It seems to me that life kind of goes that way: if one is sensitive to a subject, one keeps stepping on that bumble bee, again and again, until it becomes a matter of stride. Like going round and round in the washing machine. Ah, the imagery of domestic chores.
Solace before one even realises the process of what is going on seems to come too infrequently; we are left on our own to become little warriors in this life. Which leads us to a question: do we want to at least try to be courageous in the face of the storm, to embrace the life that is given to us, even when it resembles so little the toys of yesteryear?
Until we can accept where we are, we are bound the washing machine, going round and round - which is at least slightly more graceful than the idea of being smacked up against a washing board. The other day I watched the most inane movie that was so banal at points, I kept changing the channel - and yet, kept returning to it, because beneath the bargain basement laughs and weird plot maneuvers, the topic was one of my favourites: the way life is versus the way life looks. A superficial man falls for an obese woman, and when he asks his friend why that's so wrong, his fried says something like: because we live in a society (i.e. with "societal norms").
So why was the movie so interesting? The acknowledgement that there is a battle in getting one's values straight. As the battle goes round and round, we learn to get rid of the ego, where it is holding us back, instead of helping us. We learn to recognize what is truly beautiful - which can sometimes look a little funny on the outside until we get to know it better. We get valuable practice in figuring out that sometimes "societal norms" are backwards - but any lemming can tell us that.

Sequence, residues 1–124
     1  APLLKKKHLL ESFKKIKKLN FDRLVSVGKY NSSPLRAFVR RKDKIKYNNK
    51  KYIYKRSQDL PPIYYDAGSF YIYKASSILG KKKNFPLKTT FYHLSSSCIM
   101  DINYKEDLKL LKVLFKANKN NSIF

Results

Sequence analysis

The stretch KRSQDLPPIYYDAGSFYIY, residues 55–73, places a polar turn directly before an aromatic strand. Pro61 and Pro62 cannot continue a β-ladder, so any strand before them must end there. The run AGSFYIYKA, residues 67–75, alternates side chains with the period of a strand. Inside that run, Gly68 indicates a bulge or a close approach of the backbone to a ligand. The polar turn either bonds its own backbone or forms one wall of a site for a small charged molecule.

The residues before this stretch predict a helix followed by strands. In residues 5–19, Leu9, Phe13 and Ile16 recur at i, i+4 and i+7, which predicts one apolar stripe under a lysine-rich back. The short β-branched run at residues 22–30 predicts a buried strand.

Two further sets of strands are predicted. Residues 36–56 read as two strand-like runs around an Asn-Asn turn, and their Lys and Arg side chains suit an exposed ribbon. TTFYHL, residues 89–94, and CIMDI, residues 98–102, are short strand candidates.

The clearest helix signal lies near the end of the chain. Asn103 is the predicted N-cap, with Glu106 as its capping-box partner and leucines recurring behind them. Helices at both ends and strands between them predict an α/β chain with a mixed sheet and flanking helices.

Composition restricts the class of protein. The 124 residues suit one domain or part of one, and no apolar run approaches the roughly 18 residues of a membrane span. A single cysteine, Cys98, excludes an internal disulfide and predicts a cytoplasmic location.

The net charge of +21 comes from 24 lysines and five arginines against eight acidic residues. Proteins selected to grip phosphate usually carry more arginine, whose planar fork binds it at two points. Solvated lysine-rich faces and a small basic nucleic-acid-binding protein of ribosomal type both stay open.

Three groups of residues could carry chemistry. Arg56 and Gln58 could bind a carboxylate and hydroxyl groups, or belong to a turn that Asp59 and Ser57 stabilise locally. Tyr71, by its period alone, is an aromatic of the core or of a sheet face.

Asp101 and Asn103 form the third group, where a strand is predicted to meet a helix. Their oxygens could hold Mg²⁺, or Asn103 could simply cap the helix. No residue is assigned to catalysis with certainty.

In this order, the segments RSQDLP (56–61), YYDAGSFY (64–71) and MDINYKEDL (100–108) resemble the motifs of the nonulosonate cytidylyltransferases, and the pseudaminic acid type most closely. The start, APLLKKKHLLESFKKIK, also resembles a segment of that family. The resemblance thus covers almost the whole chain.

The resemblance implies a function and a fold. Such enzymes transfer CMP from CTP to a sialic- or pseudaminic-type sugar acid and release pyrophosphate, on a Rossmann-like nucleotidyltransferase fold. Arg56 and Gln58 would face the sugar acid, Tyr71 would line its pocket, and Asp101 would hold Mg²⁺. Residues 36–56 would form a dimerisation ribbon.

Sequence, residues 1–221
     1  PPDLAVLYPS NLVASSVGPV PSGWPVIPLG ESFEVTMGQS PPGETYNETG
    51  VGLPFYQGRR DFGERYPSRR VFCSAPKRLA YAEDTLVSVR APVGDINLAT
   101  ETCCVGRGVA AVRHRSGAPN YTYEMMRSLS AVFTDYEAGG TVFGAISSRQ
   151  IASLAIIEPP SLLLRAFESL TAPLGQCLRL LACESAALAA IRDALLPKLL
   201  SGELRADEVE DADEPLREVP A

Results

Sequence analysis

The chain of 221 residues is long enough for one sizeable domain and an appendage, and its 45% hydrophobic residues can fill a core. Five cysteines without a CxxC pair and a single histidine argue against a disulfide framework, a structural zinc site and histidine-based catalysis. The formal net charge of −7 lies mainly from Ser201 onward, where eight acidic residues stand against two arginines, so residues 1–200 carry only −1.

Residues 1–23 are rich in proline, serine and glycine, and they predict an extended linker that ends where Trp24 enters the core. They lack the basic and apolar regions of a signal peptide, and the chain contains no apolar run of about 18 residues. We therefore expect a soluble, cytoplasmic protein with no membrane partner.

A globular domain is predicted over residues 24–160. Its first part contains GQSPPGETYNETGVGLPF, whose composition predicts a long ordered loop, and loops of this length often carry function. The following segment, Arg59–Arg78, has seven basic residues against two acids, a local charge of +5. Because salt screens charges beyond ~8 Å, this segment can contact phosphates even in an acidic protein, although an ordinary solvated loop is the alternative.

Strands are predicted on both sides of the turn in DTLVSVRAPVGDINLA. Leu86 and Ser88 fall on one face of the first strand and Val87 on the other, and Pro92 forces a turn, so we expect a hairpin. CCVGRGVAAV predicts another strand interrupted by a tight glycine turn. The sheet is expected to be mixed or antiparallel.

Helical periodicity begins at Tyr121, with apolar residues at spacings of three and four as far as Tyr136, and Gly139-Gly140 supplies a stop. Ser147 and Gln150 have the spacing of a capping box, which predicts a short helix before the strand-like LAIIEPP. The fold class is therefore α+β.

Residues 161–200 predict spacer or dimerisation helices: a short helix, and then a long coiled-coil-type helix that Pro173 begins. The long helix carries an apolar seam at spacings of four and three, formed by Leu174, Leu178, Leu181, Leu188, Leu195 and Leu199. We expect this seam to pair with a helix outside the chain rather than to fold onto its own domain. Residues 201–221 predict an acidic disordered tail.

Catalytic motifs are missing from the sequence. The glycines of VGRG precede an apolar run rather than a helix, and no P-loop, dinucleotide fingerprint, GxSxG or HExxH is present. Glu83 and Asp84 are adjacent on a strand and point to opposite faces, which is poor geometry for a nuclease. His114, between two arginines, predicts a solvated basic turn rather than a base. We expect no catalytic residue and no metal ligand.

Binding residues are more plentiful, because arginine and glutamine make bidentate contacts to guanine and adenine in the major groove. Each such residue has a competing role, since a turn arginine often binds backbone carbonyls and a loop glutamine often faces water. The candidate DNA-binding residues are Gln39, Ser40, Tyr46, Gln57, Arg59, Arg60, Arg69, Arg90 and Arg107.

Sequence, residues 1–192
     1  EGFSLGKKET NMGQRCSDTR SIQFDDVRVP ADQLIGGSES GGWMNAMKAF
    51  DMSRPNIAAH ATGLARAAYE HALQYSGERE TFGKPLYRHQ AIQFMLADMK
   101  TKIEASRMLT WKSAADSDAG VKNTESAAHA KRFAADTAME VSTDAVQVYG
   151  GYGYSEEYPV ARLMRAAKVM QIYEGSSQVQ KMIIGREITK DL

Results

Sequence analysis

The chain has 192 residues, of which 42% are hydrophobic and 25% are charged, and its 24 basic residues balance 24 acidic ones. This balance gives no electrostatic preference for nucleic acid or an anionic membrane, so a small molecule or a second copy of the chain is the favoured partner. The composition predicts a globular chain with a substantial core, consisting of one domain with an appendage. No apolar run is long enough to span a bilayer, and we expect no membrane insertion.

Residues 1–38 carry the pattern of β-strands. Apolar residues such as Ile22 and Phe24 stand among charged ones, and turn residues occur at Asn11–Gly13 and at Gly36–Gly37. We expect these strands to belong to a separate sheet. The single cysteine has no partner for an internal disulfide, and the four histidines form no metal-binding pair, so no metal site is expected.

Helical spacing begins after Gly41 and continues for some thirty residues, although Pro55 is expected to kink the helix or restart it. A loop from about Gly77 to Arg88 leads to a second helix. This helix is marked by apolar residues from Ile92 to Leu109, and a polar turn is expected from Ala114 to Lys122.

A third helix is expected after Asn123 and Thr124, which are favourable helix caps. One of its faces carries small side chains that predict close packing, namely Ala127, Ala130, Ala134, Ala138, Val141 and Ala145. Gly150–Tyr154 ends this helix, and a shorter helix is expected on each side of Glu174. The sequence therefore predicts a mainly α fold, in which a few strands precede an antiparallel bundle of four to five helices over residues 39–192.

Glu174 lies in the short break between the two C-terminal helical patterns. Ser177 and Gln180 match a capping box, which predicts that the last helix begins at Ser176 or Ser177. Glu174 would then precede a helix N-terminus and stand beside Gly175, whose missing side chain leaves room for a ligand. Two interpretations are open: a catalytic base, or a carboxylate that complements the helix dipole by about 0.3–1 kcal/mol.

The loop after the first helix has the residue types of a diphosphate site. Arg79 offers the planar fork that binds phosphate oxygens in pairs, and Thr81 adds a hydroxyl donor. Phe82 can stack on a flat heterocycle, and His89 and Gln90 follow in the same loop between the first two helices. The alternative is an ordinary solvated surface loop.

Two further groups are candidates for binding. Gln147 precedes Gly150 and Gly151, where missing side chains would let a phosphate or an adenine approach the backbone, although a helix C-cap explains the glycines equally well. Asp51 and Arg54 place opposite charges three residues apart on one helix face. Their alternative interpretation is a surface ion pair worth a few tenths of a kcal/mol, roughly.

It takes strength to swim against the current. It takes will to get vision straight. This is why I mentioned the part about wanting to be a little warrior. I say "little," because there are great warriors, but that level is for the professors of life. I am writing about elementary stages: just getting into the right habits.
It takes so long, so many cycles. But afterwards, one has the pleasure of looking back, and seeing how one has grown. One thinks back fondly to the stuffed toys of yesteryear, and realises one does not need them anymore. That the parameters of life have changed - all except the washing machine, forcing out the stubborn stains. It continues to be hard, but the relief is in understanding what the pain is all about. We are not alive on this planet to clutch onto the toys of yesteryear, no matter how familiar, but to move on, when the time comes, so we have empty arms for something more valuable. That is the cure for the imperfect parenting, school systems, history. It is our chance to clean up a little part of the world.